She crawls into bed with me this morning, carrying a small toy, and a two-year-old wound reopens, fresh.

“Guess where I got my doll?” she asks. It’s been some time since I’ve seen it, and I don’t want to look at it, talk about it now.

I swallow. “The movies.”


“I did.”

“The movie theater,” she clarifies. “We were playing the video games and Daddy said to come, but I kept playing. And then everyone was gone, so I asked where my daddy was. They gave me the doll and then brought me to the movie. We watched Toy Story.”

Secretly I’m glad that my name wasn’t mentioned, that the story isn’t connected with me, although I held her afterward like I’d never let her go. It wasn’t Toy Story, but one of the Narnia movies. All ten of us went on Christmas Day, when the theater was noisy and crowded.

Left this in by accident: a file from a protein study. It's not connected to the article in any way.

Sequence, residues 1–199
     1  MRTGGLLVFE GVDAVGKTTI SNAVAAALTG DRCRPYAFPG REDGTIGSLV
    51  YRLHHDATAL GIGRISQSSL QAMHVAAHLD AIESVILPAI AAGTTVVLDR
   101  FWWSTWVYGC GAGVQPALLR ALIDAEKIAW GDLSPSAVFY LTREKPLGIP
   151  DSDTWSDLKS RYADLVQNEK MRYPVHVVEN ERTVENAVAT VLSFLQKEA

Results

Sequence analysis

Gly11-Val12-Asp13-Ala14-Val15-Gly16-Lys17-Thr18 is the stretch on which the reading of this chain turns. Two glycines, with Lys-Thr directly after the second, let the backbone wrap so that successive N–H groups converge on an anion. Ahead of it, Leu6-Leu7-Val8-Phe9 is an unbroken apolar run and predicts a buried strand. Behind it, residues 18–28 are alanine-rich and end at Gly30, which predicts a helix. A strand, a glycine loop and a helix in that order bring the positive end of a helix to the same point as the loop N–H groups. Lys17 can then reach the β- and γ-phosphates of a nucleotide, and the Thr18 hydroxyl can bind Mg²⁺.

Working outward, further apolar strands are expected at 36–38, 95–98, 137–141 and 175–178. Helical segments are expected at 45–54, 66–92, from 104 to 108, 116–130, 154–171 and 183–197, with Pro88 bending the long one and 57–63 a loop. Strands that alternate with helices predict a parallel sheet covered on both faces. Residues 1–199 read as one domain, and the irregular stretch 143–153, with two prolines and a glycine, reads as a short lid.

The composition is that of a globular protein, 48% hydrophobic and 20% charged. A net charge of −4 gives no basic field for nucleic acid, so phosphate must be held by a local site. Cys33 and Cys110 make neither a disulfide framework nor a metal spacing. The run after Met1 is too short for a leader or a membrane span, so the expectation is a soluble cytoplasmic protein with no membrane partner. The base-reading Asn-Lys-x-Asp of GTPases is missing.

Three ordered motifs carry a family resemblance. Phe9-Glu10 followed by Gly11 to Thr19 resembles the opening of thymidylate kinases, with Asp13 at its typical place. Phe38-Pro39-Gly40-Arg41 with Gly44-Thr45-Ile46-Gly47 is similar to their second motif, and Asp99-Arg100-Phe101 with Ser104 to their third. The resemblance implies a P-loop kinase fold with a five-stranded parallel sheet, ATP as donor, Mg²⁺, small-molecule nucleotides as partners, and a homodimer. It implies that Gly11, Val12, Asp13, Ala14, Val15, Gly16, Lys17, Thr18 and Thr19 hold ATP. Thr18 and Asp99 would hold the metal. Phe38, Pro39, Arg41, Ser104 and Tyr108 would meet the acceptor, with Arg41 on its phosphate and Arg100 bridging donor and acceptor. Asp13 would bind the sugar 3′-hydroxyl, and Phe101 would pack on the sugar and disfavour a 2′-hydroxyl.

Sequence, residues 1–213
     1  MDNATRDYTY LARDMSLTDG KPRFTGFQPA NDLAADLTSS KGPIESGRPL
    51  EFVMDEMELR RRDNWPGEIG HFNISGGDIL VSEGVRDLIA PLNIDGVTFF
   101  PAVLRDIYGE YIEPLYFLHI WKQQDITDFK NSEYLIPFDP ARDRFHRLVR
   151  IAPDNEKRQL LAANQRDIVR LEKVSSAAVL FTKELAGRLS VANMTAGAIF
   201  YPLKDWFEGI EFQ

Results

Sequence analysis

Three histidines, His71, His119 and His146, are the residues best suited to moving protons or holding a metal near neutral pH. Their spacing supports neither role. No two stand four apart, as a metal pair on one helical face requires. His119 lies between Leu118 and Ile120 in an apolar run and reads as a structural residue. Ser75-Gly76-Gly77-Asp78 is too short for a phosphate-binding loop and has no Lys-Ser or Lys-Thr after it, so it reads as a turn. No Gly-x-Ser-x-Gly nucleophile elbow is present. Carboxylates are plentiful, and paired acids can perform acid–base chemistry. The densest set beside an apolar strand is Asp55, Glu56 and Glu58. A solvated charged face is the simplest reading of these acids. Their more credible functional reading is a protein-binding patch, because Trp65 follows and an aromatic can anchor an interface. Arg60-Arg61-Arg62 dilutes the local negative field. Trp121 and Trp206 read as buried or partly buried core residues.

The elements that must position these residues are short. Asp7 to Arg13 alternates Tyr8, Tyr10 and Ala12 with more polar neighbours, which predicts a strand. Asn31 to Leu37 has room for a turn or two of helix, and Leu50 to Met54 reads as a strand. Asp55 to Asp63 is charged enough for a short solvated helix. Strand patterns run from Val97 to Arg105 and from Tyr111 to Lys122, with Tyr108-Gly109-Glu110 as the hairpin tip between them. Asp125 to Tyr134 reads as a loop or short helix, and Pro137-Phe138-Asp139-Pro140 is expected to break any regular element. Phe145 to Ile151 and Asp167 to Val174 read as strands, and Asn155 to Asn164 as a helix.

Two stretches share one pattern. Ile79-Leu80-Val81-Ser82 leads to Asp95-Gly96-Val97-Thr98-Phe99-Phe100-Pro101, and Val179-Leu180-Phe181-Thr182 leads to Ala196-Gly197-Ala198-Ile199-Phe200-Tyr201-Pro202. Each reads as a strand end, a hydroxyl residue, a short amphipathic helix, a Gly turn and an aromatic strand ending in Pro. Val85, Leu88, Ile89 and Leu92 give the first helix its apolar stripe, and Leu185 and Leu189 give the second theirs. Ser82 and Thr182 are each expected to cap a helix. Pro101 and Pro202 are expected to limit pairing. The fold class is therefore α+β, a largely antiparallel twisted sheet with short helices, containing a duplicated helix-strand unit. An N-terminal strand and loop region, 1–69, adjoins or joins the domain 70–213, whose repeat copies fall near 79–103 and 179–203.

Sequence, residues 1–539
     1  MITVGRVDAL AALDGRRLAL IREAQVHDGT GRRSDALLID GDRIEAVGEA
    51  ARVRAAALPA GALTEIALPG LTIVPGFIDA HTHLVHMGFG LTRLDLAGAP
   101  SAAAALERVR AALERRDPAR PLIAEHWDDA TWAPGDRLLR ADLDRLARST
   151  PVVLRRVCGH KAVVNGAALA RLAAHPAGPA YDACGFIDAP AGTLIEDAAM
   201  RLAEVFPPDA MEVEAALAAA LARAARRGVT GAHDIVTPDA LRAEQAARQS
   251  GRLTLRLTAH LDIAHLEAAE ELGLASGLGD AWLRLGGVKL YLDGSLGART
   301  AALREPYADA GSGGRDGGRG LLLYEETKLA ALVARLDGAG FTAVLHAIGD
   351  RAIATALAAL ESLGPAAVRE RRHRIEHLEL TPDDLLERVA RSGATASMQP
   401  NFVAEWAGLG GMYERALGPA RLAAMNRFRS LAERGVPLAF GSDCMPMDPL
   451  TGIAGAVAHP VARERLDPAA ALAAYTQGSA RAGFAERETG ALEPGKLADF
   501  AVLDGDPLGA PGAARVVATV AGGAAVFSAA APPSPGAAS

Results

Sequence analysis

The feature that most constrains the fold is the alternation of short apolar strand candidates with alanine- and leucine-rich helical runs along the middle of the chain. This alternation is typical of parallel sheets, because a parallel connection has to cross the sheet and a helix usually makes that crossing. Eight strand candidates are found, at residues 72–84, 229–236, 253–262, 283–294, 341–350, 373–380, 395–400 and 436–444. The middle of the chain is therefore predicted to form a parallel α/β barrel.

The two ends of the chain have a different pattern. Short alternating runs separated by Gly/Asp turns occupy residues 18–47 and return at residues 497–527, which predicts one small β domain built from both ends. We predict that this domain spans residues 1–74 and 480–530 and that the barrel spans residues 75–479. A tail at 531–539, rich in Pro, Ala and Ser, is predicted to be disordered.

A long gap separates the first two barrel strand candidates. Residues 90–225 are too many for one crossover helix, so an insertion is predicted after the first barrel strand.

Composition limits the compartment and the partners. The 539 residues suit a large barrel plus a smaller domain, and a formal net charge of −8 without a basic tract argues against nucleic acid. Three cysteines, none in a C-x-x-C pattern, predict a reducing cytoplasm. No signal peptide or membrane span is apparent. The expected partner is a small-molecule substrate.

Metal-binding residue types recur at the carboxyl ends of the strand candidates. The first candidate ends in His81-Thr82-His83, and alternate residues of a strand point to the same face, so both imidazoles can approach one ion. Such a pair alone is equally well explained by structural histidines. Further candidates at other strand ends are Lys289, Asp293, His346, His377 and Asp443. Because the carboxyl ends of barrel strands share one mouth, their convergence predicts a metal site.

They gave her the Fiona doll, the way I’m told paramedics give teddy bears to traumatized children.

She was apart from us for about 10 minutes and I never even knew it. That’s the hardest part to remember, that in the darkness I didn’t realize she was missing.

Few items can overcome me with a sense of shame like the site of that doll. I didn’t write about it when it happened, it was too new. Too raw.

Too humiliating.

Unlike mine, her memory appears to be unclouded; it’s just a story about her doll. Nothing more.

I pray my parenting isn’t defined by those moments when I fall, and fail miserably.

Pin It on Pinterest